Amber White

 

Amber White is the Associate Director of Program at Beyond 12.

“A movement can only stay alive when those involved are deeply and genuinely invested, not involved for optics or social media. With that said, my hopes to be accepted in the Surge Fellowship cohort of 2022 would be much more than a “great opportunity” or a “fun challenge” but an absolute requirement in order to sustain collective freedom and dismantle a White dominant culture. I know that I cannot create this freedom alone and complacency is not an option; I have to actively and genuinely seek out those who are already engaging in freedom dreaming and transforming systems (that start with education, but whose impacts are far-reaching). I am not only looking to lean into my own healing and ancestral wisdom but to be in an environment where all folks can and are encouraged to do so. After working and existing in so many white spaces, being and seeing the Black, Brown and Indigenous experiences be disregarded or their expertise being undervalued I am choosing to be incredibly deliberate about the environment in which I engage and I am certain that the Surge Fellowship is one where I can both be of service to Black, Brown and Indigenous leaders and be propelled forward by our liberation and resilience together.”

 

Crystal Simmons

 

Crystal Simmons is the Director of Student Support Services at Yu Ming Charter School.

“Surge is a movement committed to creating a network of professionals that are able to support one another in a common mission- to spur systemic change towards serving the needs of students of color. I want to be a part of the Surge movement because, in my years of being in education, I’ve found that meaningful change for students has to come from changing the system. If I want to influence that change, I have to be a leader in education to take part in systemic change. I also have to learn and grow in my ability to lead, be connected to a community of people that have a similar vision, be in a community that is committed to supporting the growth of one another as leaders, and be in a community that has models from which I can learn. I feel that Surge provides the learning and community opportunities that will allow me to grow as a leader and embody the change that I want to see in education.”

 

Sabrina Moore

 

Sabrina Moore is the Program Director Systemic Instructional Review at Alameda County Office of Education.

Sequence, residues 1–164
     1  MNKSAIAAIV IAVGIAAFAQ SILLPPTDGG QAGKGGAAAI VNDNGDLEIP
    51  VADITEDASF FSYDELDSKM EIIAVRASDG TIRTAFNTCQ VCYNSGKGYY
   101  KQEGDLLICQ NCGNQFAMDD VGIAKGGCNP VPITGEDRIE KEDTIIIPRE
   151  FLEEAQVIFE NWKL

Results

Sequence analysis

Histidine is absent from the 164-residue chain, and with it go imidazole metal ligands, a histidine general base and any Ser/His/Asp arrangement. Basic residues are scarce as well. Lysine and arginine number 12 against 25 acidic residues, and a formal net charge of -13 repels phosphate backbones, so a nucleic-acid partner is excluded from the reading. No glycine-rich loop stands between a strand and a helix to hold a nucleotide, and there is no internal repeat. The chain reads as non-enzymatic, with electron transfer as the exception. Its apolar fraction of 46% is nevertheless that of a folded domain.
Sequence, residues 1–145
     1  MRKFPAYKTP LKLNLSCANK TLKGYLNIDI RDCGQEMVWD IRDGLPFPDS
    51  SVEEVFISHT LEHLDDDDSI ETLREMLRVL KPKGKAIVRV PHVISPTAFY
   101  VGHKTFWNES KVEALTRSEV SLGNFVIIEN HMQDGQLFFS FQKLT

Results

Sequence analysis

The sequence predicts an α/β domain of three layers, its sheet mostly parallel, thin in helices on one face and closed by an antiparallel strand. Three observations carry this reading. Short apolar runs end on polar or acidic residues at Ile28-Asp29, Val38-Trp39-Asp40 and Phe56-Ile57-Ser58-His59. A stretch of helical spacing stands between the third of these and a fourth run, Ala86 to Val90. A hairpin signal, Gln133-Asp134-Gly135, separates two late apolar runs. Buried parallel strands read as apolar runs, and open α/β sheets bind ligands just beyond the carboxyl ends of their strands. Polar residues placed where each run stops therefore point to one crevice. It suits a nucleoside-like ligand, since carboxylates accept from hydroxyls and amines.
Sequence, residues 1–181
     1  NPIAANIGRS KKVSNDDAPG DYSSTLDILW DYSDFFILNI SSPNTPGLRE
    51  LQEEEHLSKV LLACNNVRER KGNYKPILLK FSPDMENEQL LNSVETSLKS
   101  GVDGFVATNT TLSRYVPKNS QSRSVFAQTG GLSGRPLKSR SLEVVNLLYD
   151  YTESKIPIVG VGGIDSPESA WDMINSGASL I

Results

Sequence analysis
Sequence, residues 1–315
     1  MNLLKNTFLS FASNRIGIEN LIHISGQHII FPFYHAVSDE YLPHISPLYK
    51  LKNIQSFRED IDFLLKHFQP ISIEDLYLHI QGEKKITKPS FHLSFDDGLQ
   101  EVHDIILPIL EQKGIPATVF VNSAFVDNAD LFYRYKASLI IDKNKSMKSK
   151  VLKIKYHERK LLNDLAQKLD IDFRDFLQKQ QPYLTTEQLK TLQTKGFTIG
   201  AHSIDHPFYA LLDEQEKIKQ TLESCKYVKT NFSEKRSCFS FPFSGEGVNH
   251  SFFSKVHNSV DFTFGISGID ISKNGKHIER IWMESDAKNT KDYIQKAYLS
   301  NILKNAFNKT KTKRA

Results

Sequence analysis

“Imagine a world where a Black-female leader can thrive and live liberated from the intersectional oppressions of racism and sexism. Imagine a world where a Black-female leader dreams, that dream becomes a vision and that vision a reality. Imagine a world where a Black-female leader can show up in her Black-female excellence and be all the things. I cannot imagine that world. I can imagine a world where like-minded, leaders stand in solidarity, and synergy toward collective liberation and empowerment to change the world for students who will stand on our shoulders. I want, no, I need to be a part of that synergy. That synergy is Surge!”

 

Sabeena Shah

 

Sabeena Shah is an English Teacher, Entrepreneurship and Culinary Arts Pathway, John O’Connell High School at San Francisco Unified School District

“I want to be a part of the Surge movement because I want more strategy and practice in using my power and position to shape change. I want to work collectively with educators of color to generate the change we need for our students and our communities. In my experience with Surge, I have felt the power of this movement- the strength, passion, and knowledge has been invigorating and healing. The workshops I attended on exploring the role of love in our work, building real solidarity across communities of color, and healing in the service of leading have created space for reflection and growth. I can’t express how impactful this movement is other than to say that I feel more deeply alive and aligned to my values, and more connected to fellow educators of color.”